Telecom regulatory Authority of India (TRAI) will inquire deeper into the radio link timeout (RLT) technology, allegedly being used by the telecom operators for masking call drops and resulting in higher bills for subscribers. The TRAI Chairman R. S. Sharma revealed the plan to reporters while at India Satcom event.
“Before setting up any enquiry, we will seek details of radio-link technology (RLT) from telecom operators around parameters that are applicable globally, they are following here and parameters that they have been following over a period of one year,” TRAI Chairman RS Sharma told press.
He further said that that regulator will seek details of radio-link technology from telecom operators, especially about the parameters that they are following on RLT, and the parameters that they have been following over a period of one year. The telecom department will look into the call drop masking technology.
As per a recent test drive for mobile quality of service (QoS) by telecom regulator TRAI, all telecom operators, except RCom and Vodafone, have failed to meet call drop benchmark in Delhi. In the test, The TRAI found Aircel using higher limit for Radio link time out technology (RLT) compared to other telecom operators. The state-owned telecom operator MTNL too failed on all network-based quality of service parameters.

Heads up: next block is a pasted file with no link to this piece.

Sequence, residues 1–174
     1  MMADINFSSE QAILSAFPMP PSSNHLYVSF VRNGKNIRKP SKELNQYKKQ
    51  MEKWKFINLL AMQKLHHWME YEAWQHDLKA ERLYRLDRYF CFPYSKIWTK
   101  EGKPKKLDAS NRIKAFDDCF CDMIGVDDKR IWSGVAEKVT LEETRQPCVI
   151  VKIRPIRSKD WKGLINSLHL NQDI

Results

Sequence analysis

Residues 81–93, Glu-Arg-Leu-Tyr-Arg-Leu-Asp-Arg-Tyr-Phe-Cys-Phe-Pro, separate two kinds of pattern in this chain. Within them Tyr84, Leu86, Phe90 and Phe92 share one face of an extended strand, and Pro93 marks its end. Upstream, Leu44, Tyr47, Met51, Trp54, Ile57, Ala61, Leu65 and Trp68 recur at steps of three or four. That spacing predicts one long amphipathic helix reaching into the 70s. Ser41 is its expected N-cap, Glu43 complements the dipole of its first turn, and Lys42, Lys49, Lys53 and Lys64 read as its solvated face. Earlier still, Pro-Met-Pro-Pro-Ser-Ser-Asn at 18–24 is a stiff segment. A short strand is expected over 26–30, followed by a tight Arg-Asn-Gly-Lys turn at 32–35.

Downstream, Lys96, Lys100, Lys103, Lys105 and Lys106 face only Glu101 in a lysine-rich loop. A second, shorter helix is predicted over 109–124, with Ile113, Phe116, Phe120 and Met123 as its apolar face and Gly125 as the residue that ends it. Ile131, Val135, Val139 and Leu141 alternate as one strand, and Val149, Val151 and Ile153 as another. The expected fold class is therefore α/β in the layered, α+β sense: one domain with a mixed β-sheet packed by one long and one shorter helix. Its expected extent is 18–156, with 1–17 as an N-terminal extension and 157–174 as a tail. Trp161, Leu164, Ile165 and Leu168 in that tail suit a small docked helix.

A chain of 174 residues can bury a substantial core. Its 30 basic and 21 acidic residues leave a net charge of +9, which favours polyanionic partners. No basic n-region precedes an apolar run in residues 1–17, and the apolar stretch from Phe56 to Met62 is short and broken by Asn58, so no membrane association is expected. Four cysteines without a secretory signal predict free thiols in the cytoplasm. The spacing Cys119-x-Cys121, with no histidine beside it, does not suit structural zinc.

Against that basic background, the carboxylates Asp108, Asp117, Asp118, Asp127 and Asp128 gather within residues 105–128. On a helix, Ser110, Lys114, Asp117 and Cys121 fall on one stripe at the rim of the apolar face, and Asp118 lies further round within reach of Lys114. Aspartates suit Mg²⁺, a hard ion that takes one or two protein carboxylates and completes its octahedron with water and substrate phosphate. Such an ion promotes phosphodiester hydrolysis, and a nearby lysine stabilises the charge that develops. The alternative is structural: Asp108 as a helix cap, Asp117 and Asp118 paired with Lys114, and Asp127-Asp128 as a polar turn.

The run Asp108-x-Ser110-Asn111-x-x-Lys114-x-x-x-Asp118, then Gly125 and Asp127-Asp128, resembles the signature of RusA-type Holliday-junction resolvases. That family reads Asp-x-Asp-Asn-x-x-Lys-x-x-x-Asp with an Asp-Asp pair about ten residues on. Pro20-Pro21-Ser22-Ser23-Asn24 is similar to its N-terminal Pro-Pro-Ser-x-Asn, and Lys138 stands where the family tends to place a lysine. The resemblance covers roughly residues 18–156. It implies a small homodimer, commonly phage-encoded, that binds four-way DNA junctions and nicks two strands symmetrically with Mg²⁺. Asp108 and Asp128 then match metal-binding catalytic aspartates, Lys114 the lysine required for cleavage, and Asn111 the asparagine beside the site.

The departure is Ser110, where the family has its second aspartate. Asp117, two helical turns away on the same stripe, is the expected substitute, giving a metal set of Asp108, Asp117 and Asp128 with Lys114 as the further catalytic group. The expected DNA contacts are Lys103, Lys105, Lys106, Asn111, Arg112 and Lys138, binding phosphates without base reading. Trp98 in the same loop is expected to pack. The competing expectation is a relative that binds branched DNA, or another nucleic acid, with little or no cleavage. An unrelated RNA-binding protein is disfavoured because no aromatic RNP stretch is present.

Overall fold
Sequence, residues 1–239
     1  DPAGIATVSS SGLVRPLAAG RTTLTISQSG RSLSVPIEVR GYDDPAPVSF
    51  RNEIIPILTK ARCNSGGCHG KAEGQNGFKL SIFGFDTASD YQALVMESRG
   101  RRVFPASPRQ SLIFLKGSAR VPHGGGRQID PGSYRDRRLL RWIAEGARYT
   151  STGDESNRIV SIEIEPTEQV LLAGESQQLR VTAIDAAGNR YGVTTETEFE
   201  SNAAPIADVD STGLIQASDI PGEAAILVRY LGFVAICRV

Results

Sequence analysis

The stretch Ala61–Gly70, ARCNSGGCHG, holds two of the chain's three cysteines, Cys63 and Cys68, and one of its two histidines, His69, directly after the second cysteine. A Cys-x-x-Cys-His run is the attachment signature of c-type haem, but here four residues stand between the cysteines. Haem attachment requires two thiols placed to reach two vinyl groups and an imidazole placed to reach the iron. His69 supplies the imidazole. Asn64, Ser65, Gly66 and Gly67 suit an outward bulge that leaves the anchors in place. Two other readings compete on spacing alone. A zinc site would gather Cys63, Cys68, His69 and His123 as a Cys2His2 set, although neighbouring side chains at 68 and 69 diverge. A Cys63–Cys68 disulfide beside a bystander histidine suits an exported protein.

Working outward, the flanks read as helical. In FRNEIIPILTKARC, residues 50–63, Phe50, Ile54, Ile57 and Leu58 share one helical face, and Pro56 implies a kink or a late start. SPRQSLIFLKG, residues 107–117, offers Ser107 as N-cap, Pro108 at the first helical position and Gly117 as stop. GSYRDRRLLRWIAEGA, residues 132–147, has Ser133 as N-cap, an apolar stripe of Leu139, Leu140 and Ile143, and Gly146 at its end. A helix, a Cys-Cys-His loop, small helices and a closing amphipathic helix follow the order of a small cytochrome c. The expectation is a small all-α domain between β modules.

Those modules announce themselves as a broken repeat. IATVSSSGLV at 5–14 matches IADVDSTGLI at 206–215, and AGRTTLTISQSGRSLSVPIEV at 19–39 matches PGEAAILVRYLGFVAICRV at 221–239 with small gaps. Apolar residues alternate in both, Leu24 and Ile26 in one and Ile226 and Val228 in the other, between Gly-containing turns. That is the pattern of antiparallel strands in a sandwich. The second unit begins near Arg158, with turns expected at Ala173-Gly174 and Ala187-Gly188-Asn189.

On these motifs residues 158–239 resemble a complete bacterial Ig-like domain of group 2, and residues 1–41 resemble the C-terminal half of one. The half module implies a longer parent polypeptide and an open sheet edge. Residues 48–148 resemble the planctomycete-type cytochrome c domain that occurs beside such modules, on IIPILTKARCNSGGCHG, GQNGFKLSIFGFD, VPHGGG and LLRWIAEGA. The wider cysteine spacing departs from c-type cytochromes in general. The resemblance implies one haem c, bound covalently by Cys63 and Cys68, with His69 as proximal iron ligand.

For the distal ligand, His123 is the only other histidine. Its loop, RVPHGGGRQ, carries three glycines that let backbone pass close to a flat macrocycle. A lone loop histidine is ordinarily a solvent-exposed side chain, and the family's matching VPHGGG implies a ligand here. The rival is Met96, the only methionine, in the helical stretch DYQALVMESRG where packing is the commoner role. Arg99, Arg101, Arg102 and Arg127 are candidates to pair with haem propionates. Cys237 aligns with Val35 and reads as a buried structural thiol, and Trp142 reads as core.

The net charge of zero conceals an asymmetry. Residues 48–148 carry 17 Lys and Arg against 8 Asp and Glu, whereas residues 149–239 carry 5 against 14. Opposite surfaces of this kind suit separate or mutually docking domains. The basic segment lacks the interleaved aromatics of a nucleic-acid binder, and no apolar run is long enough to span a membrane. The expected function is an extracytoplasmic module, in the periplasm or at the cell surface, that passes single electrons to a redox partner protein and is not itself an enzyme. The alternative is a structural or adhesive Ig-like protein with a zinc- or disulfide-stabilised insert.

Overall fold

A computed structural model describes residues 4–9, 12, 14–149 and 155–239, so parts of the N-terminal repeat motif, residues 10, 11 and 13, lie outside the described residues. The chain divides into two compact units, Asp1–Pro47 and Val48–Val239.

The TRAI has sought more powers to penalize mobile operators as most of them have failed to meet the quality benchmark in this regard. Telecom Secretary JS Deepak, however, said he is yet to receive any communication from TRAI on this.
“Today, the test drive report of Hyderabad and Bhopal will be made public,” Sharma said. TRAI has launched a website to publish results of its test drives. TRAI also launched mobile app for filing pesky calls and SMS complaints.
RLT is one parameter that decides for how long the call should be sustained, if the signal quality drops below a certain threshold. According to an official source, telecom operators are using RLT to mask call drops. With help of this technology, the calls remains connected even if a consumer moves to poor network coverage area for which he is billed.
The Supreme Court recently quashed a rule that mandated telecom operators to compensate consumers Re. 1 for each call drop with the upper limit at Rs. 3 per day.